Gentry’s family tended to be cautious. Gentry said they would stay away from the “L Towns” in Colorado – like Lyons, Longmont and Loveland. They also rarely stayed at hotels. Instead, they traveled in a camper to National Parks so they could sleep in the comfort of their car.

“It's a matter of having to be very, very conscious of your surroundings and conscious of where you're going and what you're confronting all the time,” Gentry said. “You just never know.”

This racial tension continued beyond the Jim Crow era. She recalls traveling with her husband and friends through some small towns on their way to Boise, Idaho, in 1991 when people at a gas station targeted them with racial slurs and threats.

“It didn't stop with the Civil Rights Act and the Voting Rights Act and all of those things that happened in the '60s,” she said. “This was in 1991 and we were still having to confront that and pay attention to where we were and what we were dealing with...it never stops."

Preserving these places

The Green Book sites have historical significance, but many are no longer standing and others are threatened. That’s where History Colorado hopes to help.

“There's a really marked difference, I think, between looking at a photo and talking about a place and being able to stand in front of it and say this place is important to civil rights history in Colorado,” said Eidman, History Colorado's chief preservation officer.

History Colorado got its nearly $75,000 grant in December as part of a National Park Service grant program for underrepresented communities to help recognize sites like those listed in the Green Books.

“It's a major priority for our office right now too, but I suppose also for the Park Service as we look at Colorado history and national history, really to understand and record and study the broader history rather than just focusing on white-dominant culture,” Eidman said.

The grant provides additional funding to build off of a project History Colorado completed in 2021. During that project, History Colorado went through several Black travel books for Colorado and found that of the 280 sites in the state listed in the books, 161 remain.

Over the next two years, the organization plans to do a deep dive into the history of these places by documenting sites through photographs, research and interviews.

“Sometimes these things can't be learned through library research and published books,” Eidman said. “We just need to be in [the] community talking with folks about places of importance.”

From there, they plan to talk with property owners about designating these historic buildings. One of them will also be nominated for inclusion in the National and State Registers of Historic Places. With the consent of building owners, informational plaques will be put outside the historic buildings.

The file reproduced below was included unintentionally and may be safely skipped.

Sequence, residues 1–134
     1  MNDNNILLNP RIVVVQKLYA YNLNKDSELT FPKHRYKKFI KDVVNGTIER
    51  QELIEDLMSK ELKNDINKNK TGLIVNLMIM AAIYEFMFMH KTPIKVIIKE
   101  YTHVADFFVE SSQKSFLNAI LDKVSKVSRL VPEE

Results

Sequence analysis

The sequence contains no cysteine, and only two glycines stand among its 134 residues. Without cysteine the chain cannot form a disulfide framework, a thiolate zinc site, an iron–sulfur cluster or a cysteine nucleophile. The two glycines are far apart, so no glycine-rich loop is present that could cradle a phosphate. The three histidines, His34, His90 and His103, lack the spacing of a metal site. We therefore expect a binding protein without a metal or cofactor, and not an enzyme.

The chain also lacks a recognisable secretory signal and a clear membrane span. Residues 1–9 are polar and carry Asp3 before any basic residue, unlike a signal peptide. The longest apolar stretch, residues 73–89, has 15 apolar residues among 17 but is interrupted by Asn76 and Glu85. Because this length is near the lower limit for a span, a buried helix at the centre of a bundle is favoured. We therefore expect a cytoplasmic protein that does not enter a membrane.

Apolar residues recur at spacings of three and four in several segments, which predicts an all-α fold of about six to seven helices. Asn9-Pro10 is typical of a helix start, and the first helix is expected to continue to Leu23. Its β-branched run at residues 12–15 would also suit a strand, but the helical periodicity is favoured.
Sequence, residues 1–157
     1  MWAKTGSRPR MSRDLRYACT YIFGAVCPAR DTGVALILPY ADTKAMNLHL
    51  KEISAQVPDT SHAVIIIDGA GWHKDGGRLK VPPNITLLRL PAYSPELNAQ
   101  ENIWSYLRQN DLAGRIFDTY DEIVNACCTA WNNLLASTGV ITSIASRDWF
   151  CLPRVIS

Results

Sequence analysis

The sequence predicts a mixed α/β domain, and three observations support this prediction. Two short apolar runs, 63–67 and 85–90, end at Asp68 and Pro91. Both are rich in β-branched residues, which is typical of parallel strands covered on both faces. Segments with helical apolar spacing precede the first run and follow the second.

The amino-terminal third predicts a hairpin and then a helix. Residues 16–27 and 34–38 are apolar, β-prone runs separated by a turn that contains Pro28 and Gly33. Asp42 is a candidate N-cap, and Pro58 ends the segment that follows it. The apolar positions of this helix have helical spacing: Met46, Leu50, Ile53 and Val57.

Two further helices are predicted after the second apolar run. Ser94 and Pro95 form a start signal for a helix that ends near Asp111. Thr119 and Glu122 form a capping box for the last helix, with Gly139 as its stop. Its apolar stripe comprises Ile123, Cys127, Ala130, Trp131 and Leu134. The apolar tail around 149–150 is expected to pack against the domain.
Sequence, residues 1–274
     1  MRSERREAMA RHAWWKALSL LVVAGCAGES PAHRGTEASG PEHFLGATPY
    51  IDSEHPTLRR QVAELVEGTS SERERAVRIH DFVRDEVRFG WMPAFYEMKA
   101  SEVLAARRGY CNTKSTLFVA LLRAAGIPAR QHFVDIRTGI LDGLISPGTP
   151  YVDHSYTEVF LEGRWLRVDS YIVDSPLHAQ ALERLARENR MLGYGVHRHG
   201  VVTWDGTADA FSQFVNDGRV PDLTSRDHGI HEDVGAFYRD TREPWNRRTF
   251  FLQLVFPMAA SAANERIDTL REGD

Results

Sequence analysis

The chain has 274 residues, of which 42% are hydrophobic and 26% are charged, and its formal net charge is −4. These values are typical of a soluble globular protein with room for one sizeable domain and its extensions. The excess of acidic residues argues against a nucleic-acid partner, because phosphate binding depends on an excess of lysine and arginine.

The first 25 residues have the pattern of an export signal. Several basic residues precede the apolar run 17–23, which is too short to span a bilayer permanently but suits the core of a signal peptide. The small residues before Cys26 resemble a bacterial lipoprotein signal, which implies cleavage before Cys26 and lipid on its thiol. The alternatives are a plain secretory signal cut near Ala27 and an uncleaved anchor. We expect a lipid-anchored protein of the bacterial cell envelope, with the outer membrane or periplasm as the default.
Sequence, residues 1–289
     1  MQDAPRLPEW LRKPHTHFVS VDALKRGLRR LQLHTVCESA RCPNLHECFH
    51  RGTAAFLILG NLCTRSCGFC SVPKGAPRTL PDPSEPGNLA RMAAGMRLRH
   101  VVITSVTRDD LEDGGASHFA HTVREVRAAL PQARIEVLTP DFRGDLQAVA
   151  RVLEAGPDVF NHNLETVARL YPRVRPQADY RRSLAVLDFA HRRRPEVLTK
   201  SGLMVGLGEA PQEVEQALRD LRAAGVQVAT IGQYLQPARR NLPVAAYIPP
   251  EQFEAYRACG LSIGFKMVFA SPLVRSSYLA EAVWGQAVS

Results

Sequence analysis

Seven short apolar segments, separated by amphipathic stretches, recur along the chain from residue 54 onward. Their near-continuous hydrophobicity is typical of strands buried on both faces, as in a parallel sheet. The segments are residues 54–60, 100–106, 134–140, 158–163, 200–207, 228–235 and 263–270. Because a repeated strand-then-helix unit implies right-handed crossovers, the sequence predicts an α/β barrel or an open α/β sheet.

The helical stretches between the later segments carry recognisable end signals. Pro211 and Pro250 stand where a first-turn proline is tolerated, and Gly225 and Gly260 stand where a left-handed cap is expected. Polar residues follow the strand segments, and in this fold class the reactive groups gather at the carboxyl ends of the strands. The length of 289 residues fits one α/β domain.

An official black plaque designates a property as part of the "National Register of Historic Places."
Wikimedia Commons
History Colorado plans to talk with property owners about placing informational plaques like this one outside of areas that were mentioned in the Green Book.

History Colorado states that only 8% percent of current sites in the National Register of Historic Places honor the history of communities of color as of 2020. In Colorado, it’s only 5% of designated historic places.

“I'm excited for these associations to be way more accessible to the public, for people to understand what's going on in these places,” said Poppie Gullett, the national and state register historian for History Colorado. “I really want us to recognize and appreciate that aspect of our history and understand that and empathize with the past, and make the future better for understanding it.”

Gullett noted that the once-popular Cotton Club in Colorado Springs was demolished in 1975. She said historical awareness is crucial for these places that are not often considered valuable in the zoning and construction process.

A black and white photo of the "Cotton Club" building.
Courtesy of Pikes Peak Library District
The once-popular Cotton Club in Colorado Springs was demolished in 1975.

“What we hope to see in the future is additional consideration for things that have this recognition, so we're not losing places that were sort of like the heart of a community to just parking lots and urban renewal,” she said.

But this process takes time. History Colorado can’t start until the funds are released by Congress, which could be around mid- to late summer. The project will not be fully completed until 2025 or 2026.

Gentry believes this project will demonstrate the historical significance of these buildings for the Black community.

“It's no longer just the fact that this building's been here for 200 years and served this specific thing,” Gentry said. History Colorado also wants “to make sure they see who it served, and they want to see how it impacted the community.”

Five Points may not have all of the same businesses Gentry remembers from her youth. Still, Gentry believes this grant will give a voice to those who used the Green Book to explore Five Points and beyond as well as show how the book made travel more accessible for Black people.

“So much of our history is invisible or discounted or dismissed,” she said. “If they're going to talk about Colorado history, no matter the content, no matter how painful the content, they want to recognize and acknowledge and support all of the different communities in Colorado. …You don't know the full story unless you get all of these perspectives.”

This story was produced by the Mountain West News Bureau, a collaboration between Wyoming Public Media, Nevada Public Radio, Boise State Public Radio in Idaho, KUNR in Nevada, the O'Connor Center for the Rocky Mountain West in Montana, KUNC in Colorado, KUNM in New Mexico, with support from affiliate stations across the region. Funding for the Mountain West News Bureau is provided in part by the Corporation for Public Broadcasting.

I'm the General Assignment Reporter and Back-Up Host for KUNC, here to keep you up-to-date on news in Northern Colorado — whether I'm out in the field or sitting in the host chair. From city climate policies, to businesses closing, to the creativity of Indigenous people, I'll research what is happening in your backyard and share those stories with you as you go about your day.